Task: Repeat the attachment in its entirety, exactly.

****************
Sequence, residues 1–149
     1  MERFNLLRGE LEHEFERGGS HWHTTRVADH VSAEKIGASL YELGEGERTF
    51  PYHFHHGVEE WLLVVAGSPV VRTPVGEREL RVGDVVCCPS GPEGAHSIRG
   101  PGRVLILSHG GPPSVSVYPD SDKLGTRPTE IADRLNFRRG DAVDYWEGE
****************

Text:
Sequence, residues 1–149
     1  MERFNLLRGE LEHEFERGGS HWHTTRVADH VSAEKIGASL YELGEGERTF
    51  PYHFHHGVEE WLLVVAGSPV VRTPVGEREL RVGDVVCCPS GPEGAHSIRG
   101  PGRVLILSHG GPPSVSVYPD SDKLGTRPTE IADRLNFRRG DAVDYWEGE